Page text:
As the deepest and darkest location on Earth, the Mariana Trench is the home to many unusual marine life and insane chemical reactions. The trench is crescent shaped, and located in the Western Pacific Ocean, east of the Mariana Islands near Guam.
So how deep exactly is the deepest point on Earth? The Challenger Deep is the deepest point within the trench and depths this low are impossible to measure in person due to the crushing pressures of the sea. James Cameron (the guy who directed Titanic who happens to also be a deep-sea explorer) reached the bottom of Challenger Deep at 35,756 feet during a 2012 expedition. However, researchers from the University of New Hampshire used a high-resolution seafloor mapping survey to conclude that Challenger Deep is actually 36,037 feet deep. It is extremely difficult to comprehend how deep that actually is. By comparison, if you were to drive 6.83 miles down the road, that’s equivalent to driving to the bottom if the Mariana Trench. Also, the notoriously tall Mount Everest stands at only 29,026 feet, a mere 7,044 feet shorter than the trench is deep. Also, the trench is 1,580 miles long, which is more than five times the length of the Grand Canyon. Its enormous depth magnitude causes an immense increase in pressure: about 8 tons per square inch. There is more pressure on the bottom of the Mariana Trench than 1,000 times the pressure felt at seas level, which is the equivalent to 50 jumbo jets piled on one person.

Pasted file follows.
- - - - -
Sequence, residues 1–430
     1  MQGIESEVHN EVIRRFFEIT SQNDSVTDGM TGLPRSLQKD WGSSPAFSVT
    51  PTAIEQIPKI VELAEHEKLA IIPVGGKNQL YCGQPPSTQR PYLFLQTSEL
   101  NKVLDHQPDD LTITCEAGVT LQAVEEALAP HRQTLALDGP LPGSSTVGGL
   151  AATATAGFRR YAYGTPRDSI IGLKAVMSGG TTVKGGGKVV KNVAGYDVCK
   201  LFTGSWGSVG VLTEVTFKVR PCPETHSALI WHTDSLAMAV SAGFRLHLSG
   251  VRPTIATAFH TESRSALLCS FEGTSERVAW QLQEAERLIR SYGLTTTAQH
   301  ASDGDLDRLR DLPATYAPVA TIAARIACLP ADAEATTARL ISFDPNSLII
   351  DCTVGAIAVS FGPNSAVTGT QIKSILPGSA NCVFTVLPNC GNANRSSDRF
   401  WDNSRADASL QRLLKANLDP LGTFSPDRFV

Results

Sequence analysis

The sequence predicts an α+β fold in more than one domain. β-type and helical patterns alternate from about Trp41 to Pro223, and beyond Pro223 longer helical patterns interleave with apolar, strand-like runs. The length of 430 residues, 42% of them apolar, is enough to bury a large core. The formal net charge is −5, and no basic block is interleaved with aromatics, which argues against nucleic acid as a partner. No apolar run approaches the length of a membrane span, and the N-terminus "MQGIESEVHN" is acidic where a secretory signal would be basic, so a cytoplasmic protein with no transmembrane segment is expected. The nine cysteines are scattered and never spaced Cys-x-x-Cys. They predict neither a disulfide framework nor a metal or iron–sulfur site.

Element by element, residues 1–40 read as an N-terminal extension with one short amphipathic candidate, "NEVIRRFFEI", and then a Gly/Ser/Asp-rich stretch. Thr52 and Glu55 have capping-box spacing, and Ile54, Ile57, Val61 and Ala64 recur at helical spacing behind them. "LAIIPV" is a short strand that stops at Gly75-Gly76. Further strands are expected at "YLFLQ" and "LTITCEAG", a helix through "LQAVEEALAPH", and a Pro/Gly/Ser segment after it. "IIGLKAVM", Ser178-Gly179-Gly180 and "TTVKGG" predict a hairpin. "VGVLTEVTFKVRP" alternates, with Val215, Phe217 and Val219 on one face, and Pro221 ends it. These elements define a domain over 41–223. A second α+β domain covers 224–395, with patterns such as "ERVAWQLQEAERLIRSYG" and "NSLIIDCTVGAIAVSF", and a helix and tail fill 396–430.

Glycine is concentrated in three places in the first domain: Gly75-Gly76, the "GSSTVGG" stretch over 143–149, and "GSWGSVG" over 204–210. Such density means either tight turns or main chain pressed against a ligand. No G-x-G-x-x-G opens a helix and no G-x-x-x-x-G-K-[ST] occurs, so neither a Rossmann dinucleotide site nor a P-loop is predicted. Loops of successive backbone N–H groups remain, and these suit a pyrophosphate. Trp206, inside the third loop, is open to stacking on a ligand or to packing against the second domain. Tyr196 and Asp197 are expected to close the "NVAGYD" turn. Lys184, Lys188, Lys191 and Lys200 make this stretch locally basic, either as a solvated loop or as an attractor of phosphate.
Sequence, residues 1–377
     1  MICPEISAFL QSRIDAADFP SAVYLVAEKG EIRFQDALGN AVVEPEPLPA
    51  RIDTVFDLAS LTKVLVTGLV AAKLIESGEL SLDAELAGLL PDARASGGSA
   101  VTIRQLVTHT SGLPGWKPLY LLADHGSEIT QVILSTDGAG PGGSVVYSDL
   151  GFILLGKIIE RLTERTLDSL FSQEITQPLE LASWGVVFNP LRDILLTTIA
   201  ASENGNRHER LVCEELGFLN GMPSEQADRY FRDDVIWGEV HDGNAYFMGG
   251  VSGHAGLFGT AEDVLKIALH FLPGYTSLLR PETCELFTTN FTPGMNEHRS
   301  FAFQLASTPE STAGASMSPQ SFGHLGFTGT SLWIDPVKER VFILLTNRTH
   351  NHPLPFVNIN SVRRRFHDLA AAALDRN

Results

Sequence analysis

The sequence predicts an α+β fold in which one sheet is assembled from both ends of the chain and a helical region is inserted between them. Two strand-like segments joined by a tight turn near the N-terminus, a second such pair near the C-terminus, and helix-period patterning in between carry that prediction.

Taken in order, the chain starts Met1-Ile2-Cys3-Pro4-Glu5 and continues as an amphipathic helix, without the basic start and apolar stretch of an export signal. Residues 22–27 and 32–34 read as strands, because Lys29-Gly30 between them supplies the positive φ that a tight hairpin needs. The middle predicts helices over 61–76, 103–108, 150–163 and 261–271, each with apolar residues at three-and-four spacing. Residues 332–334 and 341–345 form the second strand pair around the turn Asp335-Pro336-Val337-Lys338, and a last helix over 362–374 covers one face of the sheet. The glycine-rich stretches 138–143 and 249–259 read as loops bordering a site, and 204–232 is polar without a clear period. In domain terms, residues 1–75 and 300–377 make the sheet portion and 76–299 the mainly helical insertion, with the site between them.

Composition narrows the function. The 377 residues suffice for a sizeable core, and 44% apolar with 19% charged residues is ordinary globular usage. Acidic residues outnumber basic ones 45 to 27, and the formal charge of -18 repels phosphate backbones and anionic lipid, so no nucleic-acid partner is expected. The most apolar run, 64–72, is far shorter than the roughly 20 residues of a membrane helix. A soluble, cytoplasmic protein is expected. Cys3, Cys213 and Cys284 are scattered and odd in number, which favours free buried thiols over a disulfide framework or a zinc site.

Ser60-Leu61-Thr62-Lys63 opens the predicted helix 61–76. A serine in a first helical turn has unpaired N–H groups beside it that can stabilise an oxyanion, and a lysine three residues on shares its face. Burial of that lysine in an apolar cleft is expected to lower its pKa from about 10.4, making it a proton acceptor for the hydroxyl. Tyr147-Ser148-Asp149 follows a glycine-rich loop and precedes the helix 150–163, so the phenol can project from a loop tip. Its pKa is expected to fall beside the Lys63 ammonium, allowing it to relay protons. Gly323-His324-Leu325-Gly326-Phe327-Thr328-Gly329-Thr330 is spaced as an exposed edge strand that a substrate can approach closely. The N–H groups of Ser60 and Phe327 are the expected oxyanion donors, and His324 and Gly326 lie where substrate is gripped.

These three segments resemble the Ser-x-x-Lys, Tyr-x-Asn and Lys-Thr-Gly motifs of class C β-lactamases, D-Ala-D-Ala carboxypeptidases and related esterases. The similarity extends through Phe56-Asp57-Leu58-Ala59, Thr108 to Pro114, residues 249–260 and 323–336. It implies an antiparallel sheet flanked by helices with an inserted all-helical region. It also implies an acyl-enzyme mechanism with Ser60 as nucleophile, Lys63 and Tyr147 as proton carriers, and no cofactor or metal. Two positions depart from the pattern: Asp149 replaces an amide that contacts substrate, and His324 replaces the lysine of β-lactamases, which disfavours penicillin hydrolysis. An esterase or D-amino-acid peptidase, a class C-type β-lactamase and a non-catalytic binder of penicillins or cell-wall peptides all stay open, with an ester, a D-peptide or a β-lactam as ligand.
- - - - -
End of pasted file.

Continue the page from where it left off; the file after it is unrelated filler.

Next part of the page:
The next question to ask is: how was this trench formed? Simply speaking, the Mariana trench formed when two plates on the Earth’s crust collided in the subduction zone, which is the biggest collision sight on the Earth’s surface. According to Nicholas van der Elst, a seismologist at Columbia University, the cold, dense crust sinks back into the mantle and is destroyed at subduction zones. In this case, one piece of oceanic crust is pulled underneath the other and sinks into the Earth’s mantle. This process causes the trench to form above the bend as one plate sinks into the Earth.
Surprisingly enough, scientists have found that there is a very diverse community of marine life that live at the bottom of the Mariana Trench. Food is extremely rare at the bottom because most sources hardly ever make it to the complete bottom of the ocean floor. Accommodate for this scarcity, some microbes feed on chemicals like methane or sulfur, while others scour for other marine life lower on the food chain. There are three organisms most commonly found on the bottom of the trench: xenophyophores, amphipods, and holothurians. The xenophyophores are single-celled organisms similar to a giant amoeba, and gain their nutrition by surrounding and absorbing their food. Amphipods are shrimplike scavengers and the holothurians are a new species of bizarre, luminous sea cucumber. In the Challenger Deep, there are also 200 different microorganisms that have been identified in mud and feed on hydrogen and methane released by chemical reactions between seawater and rocks.
Unfortunately, the Mariana Trench isn’t as easily available as a vacation destination like the other places I’ve written about, but it’s still an amazing feature of our Earth that not many people know about.